Does coughing, laughing, or sneezing fill you with dread? Do you find yourself on constant alert for the nearest bathroom? Is fear of an embarrassing bladder leak keeping you from enjoying social activities? If so, you may be suffering from urinary incontinence.
Many people are embarrassed to discuss this uncomfortable condition with their doctors or believe it's just a natural part of aging so there’s nothing that can be done. In reality, urinary incontinence is a common ailment with a number of effective solutions.
Dr. David Ahdoot, an award-winning board-certified OB/GYN, is an expert in the diagnosis and treatment of urinary incontinence at his Burbank and Palmdale, California clinics. After determining the precise cause of your condition, he offers a range of treatment options.
Watching what you eat and drink can have a significant difference in improving bladder control. Alcohol, caffeine, and acidic foods can irritate the bladder and increase the urge to go. Constipation can contribute to urinary incontinence as well, so make sure you’re getting plenty of fiber.
The volume of liquid you take in can also cause issues. Try limiting the amount of liquids consumed to no more than two liters a day, stopping several hours before bedtime to help ease leaking at night.
Try to achieve and maintain a healthy weight; shedding just a few pounds can make a huge difference. And if you’re a smoker, quit. Smoking affects more than just your lungs and can have a significant impact on many of your body’s systems.
Finally, try training your bladder by waiting for longer and longer intervals between urinating. The goal should be 3-4 hours during the day and 4-8 hours at night.
Pelvic floor muscle therapy
Kegel exercises improve the muscle strength of the pelvic floor and can help reduce leakage. At first, it can be a little bit challenging to identify those muscles, so you might try to stop your urine mid-stream. The muscles you feel at work are your pelvic floor muscles. (Biofeedback using sensors can help people who need a little more assistance.)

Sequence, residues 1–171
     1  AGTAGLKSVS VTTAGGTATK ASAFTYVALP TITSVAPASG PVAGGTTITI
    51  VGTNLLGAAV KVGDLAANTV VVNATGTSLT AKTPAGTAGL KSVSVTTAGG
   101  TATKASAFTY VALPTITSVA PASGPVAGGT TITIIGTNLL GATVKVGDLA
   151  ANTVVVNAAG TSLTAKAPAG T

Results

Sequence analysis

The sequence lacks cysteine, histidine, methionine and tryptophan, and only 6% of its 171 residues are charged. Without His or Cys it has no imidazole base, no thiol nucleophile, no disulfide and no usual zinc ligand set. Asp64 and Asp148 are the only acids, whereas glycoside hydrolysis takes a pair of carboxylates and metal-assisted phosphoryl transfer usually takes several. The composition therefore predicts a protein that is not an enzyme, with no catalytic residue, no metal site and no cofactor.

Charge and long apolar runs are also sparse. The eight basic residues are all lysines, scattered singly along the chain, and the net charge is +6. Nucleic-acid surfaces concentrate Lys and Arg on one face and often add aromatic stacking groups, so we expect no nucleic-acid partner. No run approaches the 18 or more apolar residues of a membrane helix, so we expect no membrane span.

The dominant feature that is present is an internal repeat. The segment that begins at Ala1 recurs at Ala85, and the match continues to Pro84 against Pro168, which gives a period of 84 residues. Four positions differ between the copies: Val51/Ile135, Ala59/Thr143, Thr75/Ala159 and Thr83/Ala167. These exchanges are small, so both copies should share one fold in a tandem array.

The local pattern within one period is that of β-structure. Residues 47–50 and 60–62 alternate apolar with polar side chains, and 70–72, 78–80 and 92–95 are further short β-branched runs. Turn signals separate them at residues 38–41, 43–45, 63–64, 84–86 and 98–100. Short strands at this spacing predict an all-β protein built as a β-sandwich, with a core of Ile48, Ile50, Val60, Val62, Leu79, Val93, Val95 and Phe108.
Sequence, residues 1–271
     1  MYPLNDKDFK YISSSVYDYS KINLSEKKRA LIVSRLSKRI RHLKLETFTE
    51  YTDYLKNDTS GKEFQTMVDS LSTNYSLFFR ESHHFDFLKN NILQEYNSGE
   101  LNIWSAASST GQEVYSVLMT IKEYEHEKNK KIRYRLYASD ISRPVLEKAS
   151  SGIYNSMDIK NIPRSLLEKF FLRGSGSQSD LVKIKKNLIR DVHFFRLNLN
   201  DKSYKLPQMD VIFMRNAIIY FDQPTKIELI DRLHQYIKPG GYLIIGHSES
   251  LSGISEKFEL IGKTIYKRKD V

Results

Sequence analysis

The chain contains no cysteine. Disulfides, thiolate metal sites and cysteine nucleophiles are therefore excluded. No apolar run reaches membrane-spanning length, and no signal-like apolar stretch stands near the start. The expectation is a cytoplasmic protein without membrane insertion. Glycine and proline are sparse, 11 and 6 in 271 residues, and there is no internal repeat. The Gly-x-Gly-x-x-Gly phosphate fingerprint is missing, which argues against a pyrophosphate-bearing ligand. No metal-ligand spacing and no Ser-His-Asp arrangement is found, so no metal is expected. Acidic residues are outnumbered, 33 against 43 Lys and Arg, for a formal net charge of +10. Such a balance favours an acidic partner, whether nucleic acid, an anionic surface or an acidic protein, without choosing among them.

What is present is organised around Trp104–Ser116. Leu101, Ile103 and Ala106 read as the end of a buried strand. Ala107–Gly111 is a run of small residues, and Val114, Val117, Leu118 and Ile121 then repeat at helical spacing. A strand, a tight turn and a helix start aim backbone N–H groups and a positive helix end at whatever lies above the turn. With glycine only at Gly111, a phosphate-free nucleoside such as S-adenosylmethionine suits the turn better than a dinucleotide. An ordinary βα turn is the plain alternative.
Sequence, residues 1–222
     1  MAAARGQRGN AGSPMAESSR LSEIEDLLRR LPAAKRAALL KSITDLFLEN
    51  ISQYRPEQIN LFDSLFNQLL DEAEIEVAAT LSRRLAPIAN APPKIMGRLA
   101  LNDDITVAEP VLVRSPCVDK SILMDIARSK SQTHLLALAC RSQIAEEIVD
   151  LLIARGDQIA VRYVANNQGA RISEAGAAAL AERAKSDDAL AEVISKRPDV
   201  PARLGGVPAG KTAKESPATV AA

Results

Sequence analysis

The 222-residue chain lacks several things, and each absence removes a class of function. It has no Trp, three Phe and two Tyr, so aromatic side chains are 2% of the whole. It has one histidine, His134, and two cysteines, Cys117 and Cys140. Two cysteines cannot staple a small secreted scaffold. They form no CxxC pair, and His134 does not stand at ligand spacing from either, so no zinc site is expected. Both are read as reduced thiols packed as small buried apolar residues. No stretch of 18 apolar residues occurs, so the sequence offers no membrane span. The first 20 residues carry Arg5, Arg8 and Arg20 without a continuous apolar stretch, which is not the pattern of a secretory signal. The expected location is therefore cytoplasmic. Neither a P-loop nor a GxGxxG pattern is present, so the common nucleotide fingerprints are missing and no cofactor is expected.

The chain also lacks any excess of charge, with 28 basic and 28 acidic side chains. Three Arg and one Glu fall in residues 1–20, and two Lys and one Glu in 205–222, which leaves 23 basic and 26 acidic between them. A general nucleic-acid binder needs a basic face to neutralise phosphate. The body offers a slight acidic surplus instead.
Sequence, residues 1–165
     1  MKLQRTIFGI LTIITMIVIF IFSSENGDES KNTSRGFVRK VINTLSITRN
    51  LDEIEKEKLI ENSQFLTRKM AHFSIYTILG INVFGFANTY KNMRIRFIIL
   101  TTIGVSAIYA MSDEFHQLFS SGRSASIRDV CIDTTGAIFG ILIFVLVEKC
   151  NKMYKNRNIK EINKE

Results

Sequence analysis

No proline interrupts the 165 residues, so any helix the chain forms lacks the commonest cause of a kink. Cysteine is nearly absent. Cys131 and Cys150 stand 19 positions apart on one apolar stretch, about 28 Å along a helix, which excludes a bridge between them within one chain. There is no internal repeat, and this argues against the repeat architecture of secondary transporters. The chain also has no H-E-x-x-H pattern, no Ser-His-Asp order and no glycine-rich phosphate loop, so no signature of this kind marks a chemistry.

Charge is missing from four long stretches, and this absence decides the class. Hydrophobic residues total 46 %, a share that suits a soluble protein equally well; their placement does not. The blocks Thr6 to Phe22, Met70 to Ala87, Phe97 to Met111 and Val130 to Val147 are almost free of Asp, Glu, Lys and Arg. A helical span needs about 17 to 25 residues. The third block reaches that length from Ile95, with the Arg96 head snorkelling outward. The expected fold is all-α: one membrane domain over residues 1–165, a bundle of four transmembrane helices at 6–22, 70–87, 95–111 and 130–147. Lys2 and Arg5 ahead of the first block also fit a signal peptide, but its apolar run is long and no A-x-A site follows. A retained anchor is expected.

To strengthen the fast twitch muscles, quickly clench then release. For slow twitch muscles, tighten gradually and hold (ideally for 10 seconds, but you may need to work up to that), then rest for 10 seconds. Aim for three sets of each type two times a day.
If lifestyle changes and muscle strengthening don't bring enough relief, Dr. Ahdoot often recommends medication. Anticholinergics are a class of drugs that help relax the bladder and can reduce the urge to go.
Another option is a low-dose topical estrogen cream, patch, or ring applied in the vaginal and urethral areas to help tone and reinvigorate, reducing urinary issues. (Estrogen in pill form, however, can worsen incontinence problems.)
Other options include a medication that allows the bladder to hold more urine by relaxing the muscle or an injectable drug that helps prevent muscle contractions and can last up to nine months.
Depending on the type and nature of your incontinence, a number of surgical options are available. Examples include a sling placed under the urethra or stitches placed on each side of the neck of the bladder and then attached to raise the urethra and keep it in the proper position.
Another procedure involves the injection of a synthetic substance near the urethra to narrow the opening. Nerve stimulation devices can also be implanted or used temporarily to help control bladder issues.
While urinary incontinence can have a big impact on your life, there is a wide range of treatments available. Call or click to book an appointment with Dr. Ahdoot today.